In the second part of an interview with Fox News, the 38-year-old quarterback said he knows his arrival in camp would cause a media circus. Packers players are scheduled to report July 27.
"It's tempting just to, as everyone said, you know, call their bluff or whatever," Favre said. "I think it's going to be a circus in itself already, whether I go there, whatever."
But, Favre added: "I don't want to go back there just to stick it to them."
The interview on the show "On the Record with Greta Van Susteren" was broadcast Tuesday night.
Favre, a three-time MVP, said he feels "a little bit" bad for would-be successor Aaron Rodgers and insists he doesn't want to be a distraction to his teammates. Or are they his former teammates?
"I like my teammates," Favre said. "I had a lot of fun with them. I have talked to numerous guys throughout this whole ordeal. I wish them the best, I really do. I hold nothing against those guys. We had a lot of fun together. We had, it was an amazing year last year. I don't want to make it any worse than it is."
And right now, it's pretty bad. Favre and the Packers appear headed toward a messy divorce after Favre demanded his release last week.
The decision blindsided the Packers.
"This is an ongoing situation," team spokesman Jeff Blumb said Tuesday evening. "We're working through it, and we're going to do the right thing."
Team officials have been careful not to criticize Favre, instead laying out a detailed timeline of their offseason dealings with him. The team hopes that fans would understand why the Packers wouldn't be willing to abandon their offseason plans with Rodgers just because Favre changed his mind.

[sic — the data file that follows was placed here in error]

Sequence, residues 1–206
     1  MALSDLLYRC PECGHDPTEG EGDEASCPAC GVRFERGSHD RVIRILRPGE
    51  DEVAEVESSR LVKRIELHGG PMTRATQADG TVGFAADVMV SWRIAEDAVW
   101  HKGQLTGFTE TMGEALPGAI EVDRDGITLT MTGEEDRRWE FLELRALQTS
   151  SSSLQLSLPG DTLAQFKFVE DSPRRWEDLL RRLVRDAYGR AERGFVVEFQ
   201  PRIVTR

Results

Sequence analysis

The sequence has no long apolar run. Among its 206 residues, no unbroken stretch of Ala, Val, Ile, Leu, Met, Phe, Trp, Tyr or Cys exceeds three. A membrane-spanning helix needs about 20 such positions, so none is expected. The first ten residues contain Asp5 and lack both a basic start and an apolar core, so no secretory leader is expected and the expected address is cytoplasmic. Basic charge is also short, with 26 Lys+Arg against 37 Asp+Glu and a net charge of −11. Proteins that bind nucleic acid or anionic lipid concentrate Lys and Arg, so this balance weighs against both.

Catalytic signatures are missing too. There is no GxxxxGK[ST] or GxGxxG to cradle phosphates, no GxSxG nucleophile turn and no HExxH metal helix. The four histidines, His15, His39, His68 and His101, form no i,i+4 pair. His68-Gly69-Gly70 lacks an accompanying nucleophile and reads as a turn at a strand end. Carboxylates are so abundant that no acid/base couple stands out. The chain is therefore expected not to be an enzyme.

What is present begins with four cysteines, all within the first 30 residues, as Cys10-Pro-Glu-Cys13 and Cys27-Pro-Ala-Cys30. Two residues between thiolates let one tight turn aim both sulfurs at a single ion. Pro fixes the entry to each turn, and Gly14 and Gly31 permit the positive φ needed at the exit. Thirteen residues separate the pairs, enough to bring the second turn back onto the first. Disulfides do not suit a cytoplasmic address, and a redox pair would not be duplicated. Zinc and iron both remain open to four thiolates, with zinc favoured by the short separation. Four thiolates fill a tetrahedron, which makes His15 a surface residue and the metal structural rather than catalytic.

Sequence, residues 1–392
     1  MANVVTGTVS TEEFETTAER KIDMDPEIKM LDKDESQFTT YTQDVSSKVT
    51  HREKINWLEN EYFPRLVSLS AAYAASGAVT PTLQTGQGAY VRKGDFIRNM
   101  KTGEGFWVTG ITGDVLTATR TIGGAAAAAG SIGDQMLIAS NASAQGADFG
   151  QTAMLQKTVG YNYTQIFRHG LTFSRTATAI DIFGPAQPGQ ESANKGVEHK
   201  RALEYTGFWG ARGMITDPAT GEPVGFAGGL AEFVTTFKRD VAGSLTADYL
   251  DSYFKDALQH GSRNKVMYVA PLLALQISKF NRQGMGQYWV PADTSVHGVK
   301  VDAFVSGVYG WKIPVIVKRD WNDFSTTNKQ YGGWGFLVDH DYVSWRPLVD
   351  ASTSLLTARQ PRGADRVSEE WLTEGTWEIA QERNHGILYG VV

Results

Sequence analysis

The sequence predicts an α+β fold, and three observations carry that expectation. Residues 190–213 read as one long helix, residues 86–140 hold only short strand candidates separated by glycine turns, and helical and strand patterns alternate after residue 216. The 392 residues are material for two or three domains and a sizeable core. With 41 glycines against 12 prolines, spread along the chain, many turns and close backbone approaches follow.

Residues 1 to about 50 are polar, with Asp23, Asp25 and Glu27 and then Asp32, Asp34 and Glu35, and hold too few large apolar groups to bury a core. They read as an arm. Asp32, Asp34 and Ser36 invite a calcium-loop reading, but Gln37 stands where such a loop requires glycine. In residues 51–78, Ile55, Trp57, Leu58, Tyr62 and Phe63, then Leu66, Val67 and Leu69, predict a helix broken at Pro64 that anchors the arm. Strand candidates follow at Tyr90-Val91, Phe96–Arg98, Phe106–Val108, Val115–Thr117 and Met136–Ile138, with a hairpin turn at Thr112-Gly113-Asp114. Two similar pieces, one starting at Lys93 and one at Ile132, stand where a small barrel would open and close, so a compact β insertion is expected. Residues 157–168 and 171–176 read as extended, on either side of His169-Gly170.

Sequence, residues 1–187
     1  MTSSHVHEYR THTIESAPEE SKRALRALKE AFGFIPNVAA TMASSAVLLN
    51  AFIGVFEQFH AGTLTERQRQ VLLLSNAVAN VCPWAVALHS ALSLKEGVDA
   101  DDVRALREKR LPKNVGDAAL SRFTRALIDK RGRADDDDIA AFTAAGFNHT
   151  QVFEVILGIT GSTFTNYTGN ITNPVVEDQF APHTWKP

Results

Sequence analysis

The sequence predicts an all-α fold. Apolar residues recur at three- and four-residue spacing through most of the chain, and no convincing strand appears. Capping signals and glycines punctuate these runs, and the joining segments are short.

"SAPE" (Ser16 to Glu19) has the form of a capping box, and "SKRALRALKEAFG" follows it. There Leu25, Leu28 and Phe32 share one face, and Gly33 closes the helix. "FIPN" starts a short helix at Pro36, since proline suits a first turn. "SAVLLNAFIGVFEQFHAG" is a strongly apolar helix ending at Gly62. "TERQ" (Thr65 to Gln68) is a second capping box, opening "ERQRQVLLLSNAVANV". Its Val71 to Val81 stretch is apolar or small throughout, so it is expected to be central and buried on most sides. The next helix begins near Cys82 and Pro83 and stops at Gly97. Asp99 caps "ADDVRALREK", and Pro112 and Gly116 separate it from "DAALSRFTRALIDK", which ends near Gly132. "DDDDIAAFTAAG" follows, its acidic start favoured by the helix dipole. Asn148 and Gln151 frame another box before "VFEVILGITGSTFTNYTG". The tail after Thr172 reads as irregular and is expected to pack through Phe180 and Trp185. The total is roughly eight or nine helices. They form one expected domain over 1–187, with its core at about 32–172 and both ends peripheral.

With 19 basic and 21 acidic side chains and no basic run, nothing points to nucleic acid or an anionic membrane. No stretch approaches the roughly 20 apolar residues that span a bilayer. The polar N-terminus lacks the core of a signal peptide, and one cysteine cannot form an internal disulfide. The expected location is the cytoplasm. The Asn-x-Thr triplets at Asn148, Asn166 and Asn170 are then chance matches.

After retiring in early March, Favre told the Packers he was having second thoughts and was ready to return a few weeks later. General manager Ted Thompson and coach Mike McCarthy had made plans to take a private plane to Mississippi to seal the deal on Favre's comeback, only to have him change his mind again and stay retired.
Favre conceded that the latest in his long line of reversals on his football future has been tough on Rodgers, the Packers' first-round pick in 2005.
"The one thing in this, I do feel bad for Aaron a little bit," Favre said. "I think he'll do a fine job, to be totally honest with you, I do. He has been injured. I mean, the two injuries are not his fault. Couldn't control. I know this has been tough on him. I think he'll do a fine job. And this has nothing to do with him, this whole deal."
That said, Favre doesn't seem inclined to take a backseat to Rodgers.
"We'll pay you $12 million, but you've got to hold the clipboard and ball cap?" Favre said. "That's probably better for them as opposed to letting me go somewhere and me coming back. Then their legacy, the management, would, you know, could be in jeopardy."
Would he go into camp to compete for the starting job?
"Why?" Favre said. "That's what I would ask them: Why?"
Thompson has said the Packers do not plan to grant Favre his release. And while Thompson said Favre could return to the Packers if he applies to the league for reinstatement, it would be in "in a different role than he was" because the team had committed to Rodgers.